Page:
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J.A Happ and the enigma of bagged milk

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J.A Happ stuns the Canadian baseball world again. This time not with his pitching.

Kevin Sousa-USA TODAY Sports

Every once in a while I completely forget about some of the big differences that separate us Canadians from people south of the 49th parallel. Then I come across an interview like the one between Sportsnet's Kristina Rutherford and J.A Happ that makes me both hysterical and flabbergasted in the exact same moment.

For starters, you have to commend Rutherford for her interviewing abilities in her regular interviews published in Sportsnet the Magazine. After meeting her, it truly is a respectable quality or skill that she has in getting athletes to talk about some unique moments that usually have next to nothing to do with the sport they play.

In her recent interview, she starts with talking to Happ about some very conventional baseball topics such as his fastball, other favourite sports and his upbringing. Nothing out of the ordinary here. Then she tip-toes her way through his pregame rituals, revealing that he's a smoothie guy on game days, before talking about his instrumental regret of quitting playing the guitar when growing up.

All these little tidbits don't exactly help us determine what makes Happ as good as he is from 60 feet six inches away, but they do help us understand the more human side of his life. That type of information is gladly welcomed in a world where we're accustomed to hearing athletes talking about taking it, ‘one game at a time' and ‘giving it 110 per cent'.

If that wasn't enough, she unveiled the bombshell. In a question about his level of comfortability in Canada, Happ tries to sneak in a little nuance that he doesn't yet understand.

"I still don't understand the bagged milk situation here," he tells Rutherford.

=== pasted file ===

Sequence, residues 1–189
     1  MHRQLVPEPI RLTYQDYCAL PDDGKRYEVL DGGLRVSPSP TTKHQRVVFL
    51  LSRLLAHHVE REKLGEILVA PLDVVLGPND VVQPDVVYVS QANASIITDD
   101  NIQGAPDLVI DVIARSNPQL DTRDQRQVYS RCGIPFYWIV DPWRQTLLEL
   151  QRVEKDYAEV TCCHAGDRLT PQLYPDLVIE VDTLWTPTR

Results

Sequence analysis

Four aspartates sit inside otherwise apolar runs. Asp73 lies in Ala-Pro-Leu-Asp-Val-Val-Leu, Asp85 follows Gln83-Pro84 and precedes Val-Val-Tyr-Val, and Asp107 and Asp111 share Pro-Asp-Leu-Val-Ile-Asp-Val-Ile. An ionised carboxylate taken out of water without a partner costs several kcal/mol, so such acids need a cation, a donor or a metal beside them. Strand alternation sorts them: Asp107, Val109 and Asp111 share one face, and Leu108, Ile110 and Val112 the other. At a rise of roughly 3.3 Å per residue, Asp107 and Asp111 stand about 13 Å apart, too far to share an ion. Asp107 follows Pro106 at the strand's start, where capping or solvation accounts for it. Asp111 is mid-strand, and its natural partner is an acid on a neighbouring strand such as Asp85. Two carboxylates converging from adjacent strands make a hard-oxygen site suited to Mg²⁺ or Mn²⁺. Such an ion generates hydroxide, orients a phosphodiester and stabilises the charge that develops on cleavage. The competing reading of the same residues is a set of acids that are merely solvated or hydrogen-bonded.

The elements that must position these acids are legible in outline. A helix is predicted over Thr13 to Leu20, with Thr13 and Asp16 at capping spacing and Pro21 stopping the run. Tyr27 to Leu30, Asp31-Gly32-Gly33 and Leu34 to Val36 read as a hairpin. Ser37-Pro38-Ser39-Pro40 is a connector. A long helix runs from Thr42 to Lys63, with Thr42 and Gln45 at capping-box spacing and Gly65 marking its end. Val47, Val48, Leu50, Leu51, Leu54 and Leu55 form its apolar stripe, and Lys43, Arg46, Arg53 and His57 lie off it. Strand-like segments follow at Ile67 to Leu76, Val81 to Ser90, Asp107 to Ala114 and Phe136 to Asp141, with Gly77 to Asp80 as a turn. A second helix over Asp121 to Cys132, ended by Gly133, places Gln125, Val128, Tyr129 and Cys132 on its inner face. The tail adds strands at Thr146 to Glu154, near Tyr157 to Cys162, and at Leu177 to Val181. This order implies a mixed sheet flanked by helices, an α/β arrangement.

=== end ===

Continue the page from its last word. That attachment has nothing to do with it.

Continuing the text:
"You guys sell milk in bags and I don't really get why, or what you do then with the bags. Other than it seems like Canada's doing a pretty good job (laughs). But I don't get the milk. Put it in a gallon jug so you don't have a sloppy, messy bag."

This quote is dumbfounding as a man who grew up in Ontario. Bagged milk was all I knew and although I understand that bagged milk isn't a thing in the western provinces (basically anywhere west of Ontario) and south of the border, I still figured it was an easy enough concept to master at your local grocery store.

Seriously, not to be condescending, but Rutherford's line of questioning demonstrates how equally surprised she is that he doesn't get it. You go to the store, purchase the milk bags—three within one actual bag—take it home and put one bag at a time in a plastic container (you can also purchase this at the grocery store) and cut a hole in the top corner to pour it for future use. I get his point that this is harder than using a jug or a carton of milk, but only in the same trivial way that putting on your shirt before your pants is easier when getting dressed in the morning.

The mental picture of Happ walking into the grocery store for the first time in Canada is one that's only topped by the hypothetical image of him making a complete mess with the milk after he cuts a whole in the top and has absolutely no clue what to do with the rest of the bag after using it.

"We need a memo sent out to all American players on how Canada dispenses its milk," he tells Rutherford towards the end of the interview.

Maybe he's right. Maybe incoming free agents are scared to sign in Toronto because they are terrified of the potential mess they could create without proper knowledge or training of bagged milk. So here it is:

1)   Purchase the milk at your local grocery store, be it homogenized, 1%, 2%, Skim. Anything you want.

2)   Find the plastic container that's usually in the same aisle as the milk for purchase. If you can't find it, don't be afraid to ask a worker there, it really isn't a stupid question if you can't find it since they don't know you don't know how to use it.

3)   Go home and when looking to use the milk, take one bag out from the fridge and slide it down into the plastic container. Find a pair of scissors and cut a small triangle in the top corner of the bag on the opposite side to the handle. For advanced milk drinkers only, cut a small hole in the other side of the bag so that the milk will pour easier.

4)   Enjoy!

I do have to say that I respect Happ for bringing this forward. As an Ontarian by birth, I was ignorant to the idea that someone wouldn't understand this process, or that Ketchup chips are as good as the main ingredient they are made with. Hopefully incoming Americans playing in Toronto are able to read this tutorial and avoid similar problems in the future.

As Happ concludes to Rutherford, "That would be great."